Interstitial Cystitis and Candida Overgrowth: Helping One Helps the Other
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[updated April 2019]
Interstitial cystitis (IC) is the medical term for “a painful bladder.” Bladder pain is a complicated pain compared to muscle pain. With muscle pain, you have a good idea of the specific muscle or area that is inflamed or painful. Bladder pain is more mysterious in that, mainly women can experience abdominal pain, back pain, vaginal pain, and the more common symptoms of a urinary tract infection such as frequent urination (up to 60X a day in some cases), painful urination, or even microscopic blood in the urine. In many cases, it’s not uncommon for a woman to not know what’s going on at all!
Common Triggers of Interstitial Cystitis or Bladder Pain
A common trigger for Interstitial Cystitis (IC) is food. The classic foods that trigger IC are fruits and fruit juices, especially cranberry juice. Isn’t that ironic that so many doctors used to tell patients to drink cranberry juice to get rid of their urinary infection! Wrong! Other foods include tomatoes, yogurt (another mistake women are told to eat), chocolate, coffee, spicy foods, and vinegar – in fact, any acidic foods can be harmful. The good news according to a report in Internal Medicine News, titled “For interstitial cystitis, restrictive diet pays off” is that 80% of patients are able to identify a food that triggers their IC or bladder pain. This is so important: if you know what you eat makes your bladder pain worse you can avoid it.
The other triggers for interstitial cystitis are menses, sexual intercourse, emotional distress, and even trauma from medical procedures, such as a transvaginal ultrasound.
The most common mistake that occurs in caring for these women is that they are treated over and over again with antibiotics. Interstitial cystitis is not due to a bacterial infection. In fact, the women who are treated with antibiotics usually had only some bacteria in urine or none at all. They are given antibiotics because the physician doesn’t know what else to do! However, this excessive overuse of antibiotics ends up causing Candida overgrowth in these women – and now they have double the problem.
Associated Medical Conditions
IC is frequently associated with food and environmental allergies, irritable bowel syndrome, vulvodynia, chronic fatigue syndrome – and not surprisingly – anxiety and depression when you are in such pain!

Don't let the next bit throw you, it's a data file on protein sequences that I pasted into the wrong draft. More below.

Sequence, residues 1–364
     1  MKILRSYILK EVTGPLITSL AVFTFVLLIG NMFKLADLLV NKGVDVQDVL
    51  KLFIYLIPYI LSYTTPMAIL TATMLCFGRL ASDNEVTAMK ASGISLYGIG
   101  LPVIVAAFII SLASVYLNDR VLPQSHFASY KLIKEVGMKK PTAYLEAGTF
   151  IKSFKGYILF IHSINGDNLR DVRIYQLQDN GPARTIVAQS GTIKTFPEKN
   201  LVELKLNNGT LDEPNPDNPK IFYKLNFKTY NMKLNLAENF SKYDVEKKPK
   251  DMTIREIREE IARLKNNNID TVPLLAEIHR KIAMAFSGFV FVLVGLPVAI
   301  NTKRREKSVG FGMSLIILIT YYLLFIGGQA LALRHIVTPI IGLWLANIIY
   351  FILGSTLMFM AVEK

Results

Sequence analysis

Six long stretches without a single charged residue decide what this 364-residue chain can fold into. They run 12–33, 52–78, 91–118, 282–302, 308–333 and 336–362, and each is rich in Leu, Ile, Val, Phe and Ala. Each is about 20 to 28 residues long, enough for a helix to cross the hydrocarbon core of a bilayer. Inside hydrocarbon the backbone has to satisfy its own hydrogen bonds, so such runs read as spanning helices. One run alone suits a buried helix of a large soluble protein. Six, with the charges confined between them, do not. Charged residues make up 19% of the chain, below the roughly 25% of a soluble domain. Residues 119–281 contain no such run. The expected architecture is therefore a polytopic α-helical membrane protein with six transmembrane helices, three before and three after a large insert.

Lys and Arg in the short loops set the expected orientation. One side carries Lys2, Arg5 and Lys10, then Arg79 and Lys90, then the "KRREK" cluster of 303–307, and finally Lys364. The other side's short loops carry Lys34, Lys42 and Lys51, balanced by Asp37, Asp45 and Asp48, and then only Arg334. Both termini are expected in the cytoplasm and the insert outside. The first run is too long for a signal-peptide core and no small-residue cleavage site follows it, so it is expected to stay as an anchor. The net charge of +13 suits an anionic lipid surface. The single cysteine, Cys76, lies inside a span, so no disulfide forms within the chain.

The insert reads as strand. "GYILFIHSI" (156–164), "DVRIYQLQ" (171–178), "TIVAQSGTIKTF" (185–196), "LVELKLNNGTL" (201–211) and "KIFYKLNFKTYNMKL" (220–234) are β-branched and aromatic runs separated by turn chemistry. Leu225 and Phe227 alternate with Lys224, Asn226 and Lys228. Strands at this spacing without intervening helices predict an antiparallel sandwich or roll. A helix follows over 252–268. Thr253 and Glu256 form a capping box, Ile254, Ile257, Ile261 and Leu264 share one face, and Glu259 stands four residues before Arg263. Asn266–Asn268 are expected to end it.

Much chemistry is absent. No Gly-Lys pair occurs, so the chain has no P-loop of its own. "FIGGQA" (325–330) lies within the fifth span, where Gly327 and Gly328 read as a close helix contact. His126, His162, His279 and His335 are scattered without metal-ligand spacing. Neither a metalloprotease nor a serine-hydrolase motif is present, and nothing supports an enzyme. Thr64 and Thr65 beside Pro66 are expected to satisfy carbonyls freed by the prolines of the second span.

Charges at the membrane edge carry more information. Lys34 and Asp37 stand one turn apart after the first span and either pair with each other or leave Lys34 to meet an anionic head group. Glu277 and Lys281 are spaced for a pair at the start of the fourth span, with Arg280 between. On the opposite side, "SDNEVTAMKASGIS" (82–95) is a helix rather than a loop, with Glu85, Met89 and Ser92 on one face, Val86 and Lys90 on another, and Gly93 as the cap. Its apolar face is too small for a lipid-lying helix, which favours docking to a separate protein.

Why Treating Candida Helps IC
The foods that are recommended to decrease Candida overgrowth are almost identical to the foods to prevent interstitial cystitis: sugars, dairy and yeasty foods. So, it makes sense for any woman with IC to follow a Candida diet. Additionally, William Crook, M.D. author of The Yeast Connection: A Medical Breakthrough noted how intensive treatment with antifungals can clear up the Candida problem but also in turn help with bladder pain.
At Mitchell Medical Group we go a step further by boosting a patient’s immune system with vitamin treatments, probiotics, and sublingual Candida immunotherapy to get long-term protection.
Holistic tip: the use of alkalizing agents, such as a teaspoon of baking soda (such as Arm & Hammer) in a cup of hot water can also be an excellent daily way to cleanse the intestines and bladder.
Interstitial Cystitis is a frustrating medical condition but with a holistic approach of diet, stress management, and Candida treatment it can be a lot more manageable.
– Dr. Dean Mitchell M.D.
Mitchell Medical Group | NYC & Long Island
About the Author – Dr. Dean Mitchell, M.D.
Dr. Dean Mitchell, M.D. is a Board Certified Allergist and Immunologist based out of NYC. He graduated from the Sackler School of Medicine and completed training at the Robert Cooke Allergy Institute in New York City. He is also a Clinical Assistant Professor at Touro College of Osteopathic Medicine, a fellow of the American Academy of Allergy, Asthma, and Immunology, and the author of Dr. Dean Mitchell’s Allergy and Asthma Solution: The Ultimate Program for Reversing Your Symptoms One Drop at a Time. Dr. Dean Mitchell, M.D. has also been featured in The New York Times, The Huffington Post, Fitness Magazine, Dr. Oz and News NY 1. Dr. Mitchell also hosts the podcast The Smartest Doctor in the Room – a combination of a lively, personal, and in-depth interview with top healthcare specialists.
Crook M.D., William. “The Yeast Connection – A Medical Breakthrough.” September 12, 1986.
Jancin, Bruce. “For interstitial cystitis, restrictive diet pays off.” MD edge | Internal Medicine News, September 9, 2017.